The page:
The UK Wants to Build an Underground Highway Near Stonehenge. Archeologists Say, Hmm, Let’s Not, Shall We?
Critics say that digging the tunnel road could destabilize the ancient monument's massive stone slabs.
Archaeologists are up in arms over plans to dig a 1.8-mile-long underground highway near Stonehenge, the ancient circle of monumental stone slabs built between 5000 BC and 2000 BC on the UK’s Salisbury Plain.
Opponents of the planned tunnel road, which is expected to cost £1.6 billion ($2 billion), argue that undertaking major construction near one of the world’s best-known World Heritage sites could set a dangerous precedent for other historic monuments around the world and potentially damage the site itself.
“We’re right on the cliff edge here of losing a valuable site,” David Jacques, a University of Buckingham archaeologist, told Courthouse News. “Stonehenge isn’t just about the stones; it’s about the whole landscape. We can’t mess around with that landscape; it won’t come back.”
Stonehenge is surrounded by burial mounds and other prehistoric artifacts, such as the nearby Blick Mead site, where Jacques is head of ongoing excavations. An initial tunnel design, since revised, was criticized in February as being too close to Blick Mead, which dates to the Mesolithic era and features the oldest-known evidence of human settlements in the UK, dating back to the end of the Ice Age around 8000 BC.
There are concerns that the large-scale excavation necessary to build a tunnel could disturb the local water table, which has helped preserve ancient artifacts in damp peat for millennia. In April, Andy Rhind-Tutt, chairman of Amesbury Museum and Heritage Trust, told the BBC that “there has already been destruction of some of the archaeology on site whilst test holes have been dug.” (Highways England has denied this claim as “alarmist and untrue.”)
In addition to potentially damaging objects that are still buried, the extensive roadwork could even destabilize the surrounding ground, causing Stonehenge’s massive, 25-ton stones to shift, sink, or even fall over.
The mysterious stone circle was named a World Heritage site by UNESCO in 1986. The international agreement to protect historic monuments such as Stonehenge, created at the 1972 UNESCO World Heritage Convention, it not legally binding.
The proposal for the tunnel road has been in the works since 2014. It was undertaken partly in response to local residents who complained about dealing with tourist traffic on the current two-lane highway. The tunnel would feature four lanes in order to ease congestion and a green roof to help it blend into the surrounding landscape.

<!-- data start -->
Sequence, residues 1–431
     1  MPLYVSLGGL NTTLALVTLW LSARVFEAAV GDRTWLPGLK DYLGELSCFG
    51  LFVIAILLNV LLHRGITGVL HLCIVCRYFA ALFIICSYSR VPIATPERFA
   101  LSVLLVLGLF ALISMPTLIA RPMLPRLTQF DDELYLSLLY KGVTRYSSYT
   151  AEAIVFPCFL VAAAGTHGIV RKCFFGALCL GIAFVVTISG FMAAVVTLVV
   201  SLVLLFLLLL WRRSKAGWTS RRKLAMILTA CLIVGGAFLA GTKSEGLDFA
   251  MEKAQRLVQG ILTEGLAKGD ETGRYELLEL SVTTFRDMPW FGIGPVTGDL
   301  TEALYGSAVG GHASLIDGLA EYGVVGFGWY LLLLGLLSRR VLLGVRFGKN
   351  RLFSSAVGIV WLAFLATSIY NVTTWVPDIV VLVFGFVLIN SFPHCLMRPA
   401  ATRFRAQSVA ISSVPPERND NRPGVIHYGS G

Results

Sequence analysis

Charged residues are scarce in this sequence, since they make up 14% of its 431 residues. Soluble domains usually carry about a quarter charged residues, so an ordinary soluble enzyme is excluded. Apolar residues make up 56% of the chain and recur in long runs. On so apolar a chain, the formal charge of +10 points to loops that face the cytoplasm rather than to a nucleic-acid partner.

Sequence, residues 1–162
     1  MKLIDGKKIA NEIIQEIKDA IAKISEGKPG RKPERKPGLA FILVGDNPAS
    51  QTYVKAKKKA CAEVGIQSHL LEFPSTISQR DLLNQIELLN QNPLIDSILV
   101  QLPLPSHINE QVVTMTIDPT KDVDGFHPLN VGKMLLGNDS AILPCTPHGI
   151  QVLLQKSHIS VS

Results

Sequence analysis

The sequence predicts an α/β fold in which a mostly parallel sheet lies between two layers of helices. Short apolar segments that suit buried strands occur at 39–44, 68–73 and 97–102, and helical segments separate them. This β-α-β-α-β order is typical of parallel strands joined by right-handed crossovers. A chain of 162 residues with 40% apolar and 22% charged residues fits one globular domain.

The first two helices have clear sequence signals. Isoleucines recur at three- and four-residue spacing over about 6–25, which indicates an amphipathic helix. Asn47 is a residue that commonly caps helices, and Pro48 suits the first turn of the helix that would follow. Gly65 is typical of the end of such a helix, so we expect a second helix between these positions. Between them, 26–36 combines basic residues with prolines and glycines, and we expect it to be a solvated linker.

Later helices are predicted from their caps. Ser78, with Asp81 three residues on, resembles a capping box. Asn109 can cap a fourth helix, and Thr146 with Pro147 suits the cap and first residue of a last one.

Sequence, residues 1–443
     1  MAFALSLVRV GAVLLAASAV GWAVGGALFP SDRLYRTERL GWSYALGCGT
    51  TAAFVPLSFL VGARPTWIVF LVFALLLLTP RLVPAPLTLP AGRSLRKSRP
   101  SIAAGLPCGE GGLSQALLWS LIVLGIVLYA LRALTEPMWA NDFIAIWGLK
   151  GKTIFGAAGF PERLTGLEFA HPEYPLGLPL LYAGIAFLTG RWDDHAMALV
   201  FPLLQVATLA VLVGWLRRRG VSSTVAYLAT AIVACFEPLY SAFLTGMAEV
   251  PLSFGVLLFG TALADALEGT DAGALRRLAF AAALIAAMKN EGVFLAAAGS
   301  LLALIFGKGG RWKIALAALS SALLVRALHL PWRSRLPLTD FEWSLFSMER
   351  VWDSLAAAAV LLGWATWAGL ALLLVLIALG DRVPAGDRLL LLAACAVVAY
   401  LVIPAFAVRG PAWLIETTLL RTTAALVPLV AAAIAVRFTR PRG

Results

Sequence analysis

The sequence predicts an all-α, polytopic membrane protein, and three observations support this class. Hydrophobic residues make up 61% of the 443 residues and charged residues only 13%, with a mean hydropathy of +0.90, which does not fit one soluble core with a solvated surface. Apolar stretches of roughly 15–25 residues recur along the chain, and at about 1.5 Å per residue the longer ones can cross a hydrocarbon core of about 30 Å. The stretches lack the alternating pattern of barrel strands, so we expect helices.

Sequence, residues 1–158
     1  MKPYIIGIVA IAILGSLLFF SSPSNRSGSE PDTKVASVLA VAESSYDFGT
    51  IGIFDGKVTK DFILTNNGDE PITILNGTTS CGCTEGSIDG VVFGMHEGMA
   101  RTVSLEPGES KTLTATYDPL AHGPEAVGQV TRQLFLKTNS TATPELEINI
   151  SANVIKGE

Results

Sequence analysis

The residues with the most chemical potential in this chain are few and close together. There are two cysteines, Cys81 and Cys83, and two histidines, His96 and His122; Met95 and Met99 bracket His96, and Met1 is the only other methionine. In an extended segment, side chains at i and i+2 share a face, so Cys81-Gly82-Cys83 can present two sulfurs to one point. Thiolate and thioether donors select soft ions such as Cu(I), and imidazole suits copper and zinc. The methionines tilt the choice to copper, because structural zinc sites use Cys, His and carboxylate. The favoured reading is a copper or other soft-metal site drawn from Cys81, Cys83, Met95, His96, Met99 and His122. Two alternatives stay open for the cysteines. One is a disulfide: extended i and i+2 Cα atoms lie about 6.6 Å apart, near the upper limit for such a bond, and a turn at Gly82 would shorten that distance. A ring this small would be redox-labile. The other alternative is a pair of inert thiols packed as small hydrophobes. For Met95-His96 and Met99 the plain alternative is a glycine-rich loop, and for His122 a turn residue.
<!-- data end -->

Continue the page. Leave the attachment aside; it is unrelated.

In July, the World Heritage Committee issued a decision against the current tunnel road proposal, which it said would “impact adversely on integrity and the Outstanding Universal Value (OUV) of the property.” Though the committee allowed that the current plan “shows improvement compared with previous plans,” it recommended additional revisions, such as a much longer tunnel with entrances further from Stonehenge, before moving forward with the project.
“These upgrades in the southwest will improve millions of journeys,” Highways England’s chief executive Jim O’Sullivan told the New York Times in February. “Highways England [is] delivering major infrastructure upgrades for the whole country.”
The plan eliminates existing roadside views of Stonehenge from A303, presumably relieving rubbernecking from motorists slowing to take a good look at the monument. This could also benefit visitors to Stonehenge, giving them the opportunity to “appreciate the monuments and see and hear wildlife without the intrusion of the traffic and noise,” and walk freely across the ancient landscape, argued Historic England, the National Trust, and English Heritage in a joint statement.
On the flip side, critics claim that these groups are hoping to boost admission revenue at Stonehenge by forcing people to pay to come in, rather than just seeing the monument from the road. (English Heritage, formerly a public organization, will no longer receive government funding after 2023.)
For the past four weeks, the public has been invited to weigh in on the revised plans for the tunnel. The review period for this supplementary consultation ends today, and the government is expected to move forward with the project.
A preliminary schedule calls for construction to begin in 2021 and to be completed by 2025. Between now and then, the plan is almost certain to face legal challenges from opponents.
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